Mississippi Task Force Issues Recommendations For Expanding Online Sports Betting

Written By Derek Helling on December 22, 2023
phone with soccer ball bets

While Mississippians archaically still have to visit a casino to place legal bets on sports, even online bets, there is some progress toward changing that. A report from a special task force on the premise of expanding legal online sports betting to become available all over the state is now public.

The task force’s report presents several models for how Mississippi could tax expanded online sports betting and projections for tax revenue. At this point, it remains uncertain which of them the state legislature will adopt or if it will embrace any of them.

The status quo of online sports betting in Mississippi

Currently, online sports betting in Mississippi is legal but with one huge caveat. To place bets legally, users must not only use licensed sportsbooks but also must physically be on the premises of a connected casino when they place their bets.

For that reason, most Mississippi casinos don’t even bother with offering online sports betting to guests. At this time, only a handful of them do. Most of the major national sportsbook brands, except for BetMGM, haven’t shown interest in partnering with a Mississippi casino yet.

That could change if Mississippi amends its law to allow legal online sports betting throughout the state as opposed to only on-site at casinos. It could also mean a lot more revenue for the state from the expanded gambling.

Exactly how much depends on how the state taxes that activity.

Task force presents choices for Mississippi legislators

In the task force’s report, several options are presented for how Mississippi could tax revenue from expanded online sports betting. Those options include simply maintaining the current 8% rate on sportsbooks’ win.

As other options, the report presents taxing the amount of money that sportsbooks take in bets as opposed to the portion of that money that they keep. Currently, neighboring Tennessee taxes legal sports betting that way.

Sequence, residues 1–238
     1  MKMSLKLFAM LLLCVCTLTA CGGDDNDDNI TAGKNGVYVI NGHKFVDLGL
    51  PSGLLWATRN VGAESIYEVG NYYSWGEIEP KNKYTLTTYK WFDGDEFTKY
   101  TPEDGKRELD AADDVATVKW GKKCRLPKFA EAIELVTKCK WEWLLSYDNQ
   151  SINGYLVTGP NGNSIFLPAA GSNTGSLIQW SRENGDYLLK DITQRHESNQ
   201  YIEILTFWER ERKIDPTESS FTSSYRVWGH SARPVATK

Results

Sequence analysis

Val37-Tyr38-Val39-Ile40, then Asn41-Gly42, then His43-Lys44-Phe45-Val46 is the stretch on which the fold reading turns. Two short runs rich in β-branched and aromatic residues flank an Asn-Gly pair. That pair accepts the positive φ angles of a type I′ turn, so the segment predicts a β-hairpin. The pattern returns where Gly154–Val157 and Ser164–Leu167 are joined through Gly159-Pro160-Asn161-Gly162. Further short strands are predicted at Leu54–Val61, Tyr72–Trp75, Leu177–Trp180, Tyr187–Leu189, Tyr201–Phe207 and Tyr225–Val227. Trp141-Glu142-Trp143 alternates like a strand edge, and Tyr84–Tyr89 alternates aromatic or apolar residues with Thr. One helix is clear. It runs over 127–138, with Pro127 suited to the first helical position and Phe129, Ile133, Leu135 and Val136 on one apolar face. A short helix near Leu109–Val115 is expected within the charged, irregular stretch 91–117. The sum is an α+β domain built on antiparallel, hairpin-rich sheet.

The task force’s projections for revenue for the state vary based on those models, ranging from as little as $5 million to $27 million per year. To reach those estimates, the task force relied on data from similar populations and also data about attempts to use legal sportsbooks in other states while in Mississippi.

Right now, it’s unclear which if any of the models that legislators favor. Maintaining the status quo might be the preference of the majority of members of Mississippi’s government.

Could 2024 be the year for some movement?

In each of the past six years, at least one bill that would expand legal online sports betting across Mississippi has seen the light of day in Jackson. Every time, however, the night fell quite rapidly on those efforts.

To date, none of those bills have even survived committee votes. The next legislative term, which begins Jan. 2, 2024, could see more of the same. Mississippi Gaming Commission Executive Director Jay McDaniel spoke about that earlier this month with Jaylon Anderson of WJTV, saying:

“I expect you’ll see at least bills be introduced every year. Since 2018, we have seen at least a bill be introduced. What we have not seen is one of those bills come out of a committee yet for a floor debate.

So, your guess is as good as mine as to whether we’ll get to that. So, I think you can expect in January to see a bill. The question will be whether that bill actually comes out of a committee for debate to be passed.”

At the same time, the task force’s report represents some progress. It will give legislators in favor of expansion some talking points to draw upon in the next session.

For now, though, it’s just words on paper in terms of affecting whether Mississippians have to visit casinos to bet on sports.

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Derek Helling

Derek Helling is the assistant managing editor of PlayUSA. Helling focuses on breaking news, including finance, regulation, and technology in the gaming industry. Helling completed his journalism degree at the University of Iowa and resides in Chicago

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